Like It or Not, Toronto Maple Leafs’ Postseason Hopes Rest on James Reimer
After last year’s postseason collapse against the Boston Bruins, in which a 4-1 lead was erased with ten minutes left in Game 7, Reimer was given his fair share of criticism. During the offseason, the Leafs acquired Jonathan Bernier from the Los Angeles Kings, and almost immediately labeled him as the team’s starting goalie over Reimer. Things got dicey when Bernier was injured last month and, when thrust into the starting role, Reimer lost five straight games. This kicked off Toronto’s infamous eight-game skid that saw them tumble out of postseason contention. Things got so bad for Reimer that his wife was having insults thrown her way from fans via Twitter.
The Leafs rebounded from the losing streak, winning their last two games and putting themselves just a point out of the playoff picture. Unfortunately for Reimer haters, though, Toronto will have to rely on their backup in attempts to get a postseason berth.
During the third period of last night’s game against the Bruins, Bernier left with an injury as the team nursed a 3-2 lead. Reimer came in and quickly gave up the game-tying goal. Luckily for him, Nazem Kadri scored in overtime to net the Leafs a much-needed victory. However, Toronto’s luck took a hit this morning when Bernier’s diagnosis was announced.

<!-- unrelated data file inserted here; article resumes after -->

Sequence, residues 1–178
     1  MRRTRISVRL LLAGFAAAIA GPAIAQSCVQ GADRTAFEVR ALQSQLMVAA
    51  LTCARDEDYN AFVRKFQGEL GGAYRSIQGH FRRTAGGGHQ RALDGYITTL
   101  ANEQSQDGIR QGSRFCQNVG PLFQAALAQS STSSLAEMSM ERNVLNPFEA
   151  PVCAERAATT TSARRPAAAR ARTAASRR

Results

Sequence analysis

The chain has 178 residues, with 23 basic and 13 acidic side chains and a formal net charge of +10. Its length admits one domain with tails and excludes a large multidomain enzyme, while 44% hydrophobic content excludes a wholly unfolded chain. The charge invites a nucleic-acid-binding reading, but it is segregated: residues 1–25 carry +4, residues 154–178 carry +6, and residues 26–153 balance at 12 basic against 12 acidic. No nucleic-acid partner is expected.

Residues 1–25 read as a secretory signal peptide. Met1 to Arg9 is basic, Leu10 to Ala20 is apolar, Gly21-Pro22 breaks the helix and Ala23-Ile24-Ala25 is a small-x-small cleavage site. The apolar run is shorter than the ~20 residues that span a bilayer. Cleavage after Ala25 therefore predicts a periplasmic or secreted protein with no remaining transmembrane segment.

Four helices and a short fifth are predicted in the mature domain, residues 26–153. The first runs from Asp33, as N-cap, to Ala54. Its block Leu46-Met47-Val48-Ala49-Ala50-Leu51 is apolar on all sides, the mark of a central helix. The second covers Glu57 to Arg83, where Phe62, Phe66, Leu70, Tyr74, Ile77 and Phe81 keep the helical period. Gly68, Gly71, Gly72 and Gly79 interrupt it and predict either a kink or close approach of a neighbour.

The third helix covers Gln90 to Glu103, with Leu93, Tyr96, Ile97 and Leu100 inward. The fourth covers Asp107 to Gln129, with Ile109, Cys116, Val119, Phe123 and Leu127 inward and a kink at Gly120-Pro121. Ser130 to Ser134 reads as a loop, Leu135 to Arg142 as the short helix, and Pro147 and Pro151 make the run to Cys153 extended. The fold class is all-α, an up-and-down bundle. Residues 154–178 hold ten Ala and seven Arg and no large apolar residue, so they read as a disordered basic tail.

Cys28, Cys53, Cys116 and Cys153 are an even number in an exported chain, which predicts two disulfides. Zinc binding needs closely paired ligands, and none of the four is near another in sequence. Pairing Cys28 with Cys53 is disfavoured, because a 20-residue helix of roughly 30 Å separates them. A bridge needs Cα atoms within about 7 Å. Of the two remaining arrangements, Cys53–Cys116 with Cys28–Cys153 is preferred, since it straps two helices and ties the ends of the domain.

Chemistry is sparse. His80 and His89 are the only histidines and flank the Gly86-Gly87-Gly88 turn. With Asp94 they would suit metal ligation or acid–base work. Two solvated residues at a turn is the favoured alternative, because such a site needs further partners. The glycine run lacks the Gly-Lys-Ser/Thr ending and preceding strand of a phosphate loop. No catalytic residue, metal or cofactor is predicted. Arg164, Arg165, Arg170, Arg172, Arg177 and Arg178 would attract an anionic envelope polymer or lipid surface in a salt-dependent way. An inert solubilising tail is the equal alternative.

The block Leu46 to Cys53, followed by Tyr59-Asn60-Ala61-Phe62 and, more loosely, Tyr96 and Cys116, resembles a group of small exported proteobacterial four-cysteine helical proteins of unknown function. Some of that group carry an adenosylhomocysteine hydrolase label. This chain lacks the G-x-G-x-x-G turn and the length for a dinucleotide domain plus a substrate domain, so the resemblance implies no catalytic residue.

The Leafs stated today that Bernier suffered an MCL strain, and will be out two to three weeks. So, like it or not, the Toronto faithful now must pin their playoff hopes on Reimer.
For Reimer, this is obviously a huge opportunity. It’s a shot at redemption after last season’s unfortunate ending, a way to prove he can indeed handle the spotlight. If he can play strong in net, allowing Toronto to make the postseason, it would be a great way to show Leafs fans everywhere he can be reliable when they need him the most.
Of course, things won’t be nearly as pleasant if Reimer struggles, and stats indicate this could happen. He’s played in 33 games this season, the same number of games played last year. However, where last season his GAA was a solid 2.46, this year it spiked to a paltry 3.39. As you can see, this isn’t exactly confidence-building.
Speaking of which, it wouldn’t be terribly surprising if Reimer’s confidence in general was more than a little shaky. You’ve got a goalie who, in one calendar year, played a role in his team’s epic playoff collapse, saw his club trade for a new goalie who immediately came in and took his starting job, then played in the first five games of an eight-game losing streak that put the entire season in jeopardy. It’d be struggle to believe Reimer is calm, cool and collected.
Whether or not his confidence is on hand, Reimer’s teammates are relying on him to get the job done. If he can help Toronto get back into the playoffs, he’ll go a long way towards cleaning his slate and getting the fans off his back. However, if he folds under pressure, things are going to get even uglier for Toronto’s embattled backup.